A Bridge Too Far

Every once in awhile Harry Reid realizes another six years have sped by. He then feels obliged, like a salmon seeking out the quiet stream of its birth, to fly to Nevada.

Here, he temporarily dons a new pair of blue jeans and gets himself photographed a) sitting on a hay bale, and/or b) holding a .22-caliber rifle with which he contends he once shot a rabbit.

To get re-elected in Nevada, you see, a politician has to contend he’s serious about that “protecting the Second Amendment” stuff, at least for a few weeks every term.

So you’ll pardon me if I suspect Senate Majority Leader Harry Reid wasn’t terribly shocked and disappointed when the latest round of federal “gun control” proposals failed to carry a filibuster-proof majority and went down to defeat in the U.S. Senate on April 17.

You think Harry Reid can’t count votes? If he’d considered a failure to carry these measures some kind of embarrassment, the vote never would have been held.

Nope, this way he gets full credit with his left-wing pals and party-line Democratic voters for having “done his best” — he can explain any “Nay” votes he himself had to cast as procedural in nature, since only a “Nay-voting” senator can later ask for reconsideration — while Nevada gun owners can be advised with a wink and nudge that “No new gun control measures passed on Harry’s watch.”

Barack Obama, on the other hand, didn’t seem to take this latest reverse with such equanimity. As a matter of fact, many commentators described the lame duck president’s meltdown in response to the April 17 gun-control failures as “angry” and “petulant.”

“There were no coherent arguments as to why we wouldn’t do this,” Mr. Obama said. “It came down to politics — the worry that that vocal minority of gun owners would come after them in future elections. … They caved to pressure. … This was a pretty shameful day for Washington.”

So it’s shameful to vote to protect the Second Amendment merely because voters might be opposed? Especially if it’s “a minority” of voters?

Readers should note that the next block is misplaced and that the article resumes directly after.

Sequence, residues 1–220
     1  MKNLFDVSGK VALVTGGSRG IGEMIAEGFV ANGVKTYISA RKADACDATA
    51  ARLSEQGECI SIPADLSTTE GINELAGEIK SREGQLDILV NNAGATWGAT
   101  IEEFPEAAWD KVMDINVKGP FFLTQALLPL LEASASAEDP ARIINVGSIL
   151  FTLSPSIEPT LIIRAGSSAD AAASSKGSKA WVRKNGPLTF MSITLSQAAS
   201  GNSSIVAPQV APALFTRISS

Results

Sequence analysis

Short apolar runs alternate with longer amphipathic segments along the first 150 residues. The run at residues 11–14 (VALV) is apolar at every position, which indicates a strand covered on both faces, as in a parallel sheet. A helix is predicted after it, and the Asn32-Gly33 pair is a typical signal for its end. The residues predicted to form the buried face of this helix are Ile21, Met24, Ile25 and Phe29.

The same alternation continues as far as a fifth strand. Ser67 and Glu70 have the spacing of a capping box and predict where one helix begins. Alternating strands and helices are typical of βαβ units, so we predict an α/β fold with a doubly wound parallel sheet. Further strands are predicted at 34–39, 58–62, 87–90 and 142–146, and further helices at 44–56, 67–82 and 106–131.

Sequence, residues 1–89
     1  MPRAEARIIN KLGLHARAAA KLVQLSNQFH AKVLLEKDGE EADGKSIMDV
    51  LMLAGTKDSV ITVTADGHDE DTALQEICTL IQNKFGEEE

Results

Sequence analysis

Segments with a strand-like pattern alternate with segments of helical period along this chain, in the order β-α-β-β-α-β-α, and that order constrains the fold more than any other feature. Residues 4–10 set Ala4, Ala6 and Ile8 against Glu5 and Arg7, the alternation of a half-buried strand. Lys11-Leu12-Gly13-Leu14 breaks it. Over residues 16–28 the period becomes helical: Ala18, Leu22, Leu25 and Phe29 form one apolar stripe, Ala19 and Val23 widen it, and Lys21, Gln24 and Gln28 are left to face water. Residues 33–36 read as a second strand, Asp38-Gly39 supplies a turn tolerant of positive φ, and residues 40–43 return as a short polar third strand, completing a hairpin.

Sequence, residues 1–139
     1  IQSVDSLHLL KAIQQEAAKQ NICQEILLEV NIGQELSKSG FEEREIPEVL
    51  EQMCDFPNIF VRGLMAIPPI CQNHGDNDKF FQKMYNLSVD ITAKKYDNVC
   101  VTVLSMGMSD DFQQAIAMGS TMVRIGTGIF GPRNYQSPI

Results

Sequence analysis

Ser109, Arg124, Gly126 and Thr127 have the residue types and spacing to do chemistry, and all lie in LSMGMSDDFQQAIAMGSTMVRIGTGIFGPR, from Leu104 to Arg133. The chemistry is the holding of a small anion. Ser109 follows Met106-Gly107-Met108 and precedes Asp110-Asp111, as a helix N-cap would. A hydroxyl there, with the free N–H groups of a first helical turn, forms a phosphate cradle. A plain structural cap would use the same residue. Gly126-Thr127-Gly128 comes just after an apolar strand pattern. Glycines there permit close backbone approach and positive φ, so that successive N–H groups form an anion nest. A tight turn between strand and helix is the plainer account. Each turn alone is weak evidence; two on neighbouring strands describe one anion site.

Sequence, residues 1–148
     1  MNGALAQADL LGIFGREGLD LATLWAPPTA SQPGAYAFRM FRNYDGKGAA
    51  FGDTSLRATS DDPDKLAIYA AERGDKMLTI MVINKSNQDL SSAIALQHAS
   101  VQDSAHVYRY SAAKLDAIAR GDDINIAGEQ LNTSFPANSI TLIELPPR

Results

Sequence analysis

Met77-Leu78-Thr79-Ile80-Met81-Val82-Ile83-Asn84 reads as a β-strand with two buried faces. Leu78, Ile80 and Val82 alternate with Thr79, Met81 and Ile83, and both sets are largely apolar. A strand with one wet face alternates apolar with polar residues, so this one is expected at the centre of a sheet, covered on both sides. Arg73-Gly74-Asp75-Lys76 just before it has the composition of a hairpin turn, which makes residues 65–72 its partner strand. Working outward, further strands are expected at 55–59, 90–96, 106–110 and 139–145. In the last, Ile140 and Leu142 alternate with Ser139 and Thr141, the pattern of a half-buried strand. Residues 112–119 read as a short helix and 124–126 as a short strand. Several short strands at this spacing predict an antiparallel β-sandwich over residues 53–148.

Isn’t that precisely what the Bill of Rights is supposed to protect — the rights of minorities, when faced with the hysteria of some irrational, whipped-up mob?

If the majority is always supposed to rule, why doesn’t the U.S. Constitution consist of a mere 13 words: “Providing it has temporary majority support, the government can do anything it wants”?


There were “no coherent arguments” for re-enacting the failed 1990s ban on semi-automatic rifles (They’re not assault rifles; they can’t fire full-auto) but which look scary because they carry the detachable standard-sized magazines with which they’re designed to function?

How about a) such bans violate the Second Amendment, and b) Banning them the last time did not reduce crime rates by one iota?

There were “no coherent arguments” for allowing congresscritters to require grandpa to drive his grandson or grand-nephew to the nearest big town to the (increasingly scarce) federally licensed firearm dealer and pay a fee in order to subject Junior to a “mental-health background check” before “transferring” his hunting rifles to the next generation?

How about this: Way, waaayyy back in October of 2012, we gun owners were ridiculed if we warned, “Watch out, as soon as Obama and the Democrats are safely re-elected, they’re going to come for our guns again.”

“Why, gun control hasn’t even been an issue in this campaign!” the know-it-alls laughed. “The Dems learned their lesson when they lost control of Congress in 1994. They’re never going to try THAT again!”